My new car has something called CVT for a transmission. It does not seem to change gears when I move off or even on the expressways.
When I want to accelerate quickly, I do not feel the gears changing down. Instead, I hear the engine speed rising as the car accelerates.
What exactly is this “CVT” and is this typically how it works?
CVT stands for Continuously Variable Transmission and as its name suggests, the ratios vary continuously as opposed to “stepped” that you find in other transmissions.
The idea is for the engine to maintain its optimum rpm at all speeds. There are no actual gears in a CVT. Instead, the system uses two pulleys – one driven by the engine and the other driving the wheels.
A steel drive-belt is the transmission element between the two pulleys which effect the different ratios by varying their diameters over the speed range.
If you look at the chain and sprockets on a multi-speed bicycle, you will see how the drive-torque and wheel speed vary depending on the sprocket diameter.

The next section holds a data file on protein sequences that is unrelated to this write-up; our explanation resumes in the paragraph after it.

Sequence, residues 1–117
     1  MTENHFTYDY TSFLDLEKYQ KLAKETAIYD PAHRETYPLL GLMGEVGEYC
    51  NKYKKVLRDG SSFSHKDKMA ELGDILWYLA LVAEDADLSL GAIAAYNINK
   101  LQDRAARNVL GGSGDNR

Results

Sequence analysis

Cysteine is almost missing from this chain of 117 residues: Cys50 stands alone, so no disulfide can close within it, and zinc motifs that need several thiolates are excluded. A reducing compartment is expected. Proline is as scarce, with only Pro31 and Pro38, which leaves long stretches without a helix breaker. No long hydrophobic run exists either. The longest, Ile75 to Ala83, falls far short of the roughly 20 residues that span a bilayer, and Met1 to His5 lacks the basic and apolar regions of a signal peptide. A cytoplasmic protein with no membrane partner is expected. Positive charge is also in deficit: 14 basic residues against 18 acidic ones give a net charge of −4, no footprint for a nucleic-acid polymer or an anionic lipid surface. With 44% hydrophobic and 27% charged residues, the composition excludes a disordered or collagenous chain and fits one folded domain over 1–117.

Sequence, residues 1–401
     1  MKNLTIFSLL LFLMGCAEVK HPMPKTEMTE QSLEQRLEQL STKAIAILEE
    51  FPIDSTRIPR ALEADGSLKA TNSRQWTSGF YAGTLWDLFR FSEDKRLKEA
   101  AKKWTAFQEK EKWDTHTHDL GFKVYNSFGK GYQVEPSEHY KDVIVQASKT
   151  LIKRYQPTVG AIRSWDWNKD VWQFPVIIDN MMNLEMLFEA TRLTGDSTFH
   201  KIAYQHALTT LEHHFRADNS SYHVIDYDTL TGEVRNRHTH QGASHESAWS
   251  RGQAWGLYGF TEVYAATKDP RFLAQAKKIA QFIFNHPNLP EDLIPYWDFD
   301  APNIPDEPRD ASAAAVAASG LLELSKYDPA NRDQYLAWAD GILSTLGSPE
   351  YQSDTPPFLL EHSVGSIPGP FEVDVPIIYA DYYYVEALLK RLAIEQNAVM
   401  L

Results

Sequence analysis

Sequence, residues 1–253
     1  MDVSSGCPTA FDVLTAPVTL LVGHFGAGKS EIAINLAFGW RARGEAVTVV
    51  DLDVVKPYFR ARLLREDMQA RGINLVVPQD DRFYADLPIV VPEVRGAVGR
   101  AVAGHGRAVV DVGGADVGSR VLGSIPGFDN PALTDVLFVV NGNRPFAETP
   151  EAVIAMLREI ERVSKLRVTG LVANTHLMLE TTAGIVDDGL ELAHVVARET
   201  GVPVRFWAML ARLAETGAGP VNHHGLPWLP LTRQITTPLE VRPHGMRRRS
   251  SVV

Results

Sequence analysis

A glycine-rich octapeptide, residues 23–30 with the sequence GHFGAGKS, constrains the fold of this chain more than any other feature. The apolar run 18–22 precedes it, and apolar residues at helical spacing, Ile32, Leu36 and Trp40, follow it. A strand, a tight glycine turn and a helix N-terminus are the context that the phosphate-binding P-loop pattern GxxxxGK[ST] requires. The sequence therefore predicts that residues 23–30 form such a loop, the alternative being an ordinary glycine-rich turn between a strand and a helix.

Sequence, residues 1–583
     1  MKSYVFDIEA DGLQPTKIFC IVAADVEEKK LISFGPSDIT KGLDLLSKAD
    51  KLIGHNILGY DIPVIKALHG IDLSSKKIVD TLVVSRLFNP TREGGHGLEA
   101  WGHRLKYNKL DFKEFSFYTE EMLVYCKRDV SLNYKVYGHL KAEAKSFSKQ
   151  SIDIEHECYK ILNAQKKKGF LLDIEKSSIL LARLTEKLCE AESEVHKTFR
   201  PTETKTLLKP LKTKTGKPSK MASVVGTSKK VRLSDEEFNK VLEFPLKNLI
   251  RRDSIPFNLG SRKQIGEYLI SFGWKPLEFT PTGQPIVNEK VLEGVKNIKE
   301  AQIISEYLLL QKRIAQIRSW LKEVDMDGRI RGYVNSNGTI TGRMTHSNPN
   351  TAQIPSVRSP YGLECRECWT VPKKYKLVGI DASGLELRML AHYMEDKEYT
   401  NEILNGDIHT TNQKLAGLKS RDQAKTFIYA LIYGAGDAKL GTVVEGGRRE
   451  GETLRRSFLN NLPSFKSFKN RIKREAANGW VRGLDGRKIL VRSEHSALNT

Conceptually, the CVT is brilliant. There are fewer parts than in an automatic – it is more compact than even a manual gearbox and devoid of any shift shock. It is usually more efficient too.
Under normal urban conditions, a CVT offers a smooth and seamless drive. But while its technology has improved over the years, a CVT is still not as responsive as a geared transmission.
Also, it often gives the impression that a clutch or torque-converter is slipping.
When accelerating hard, a CVT tends to be characterised by a whiny engine noise because of the sustained high rpm.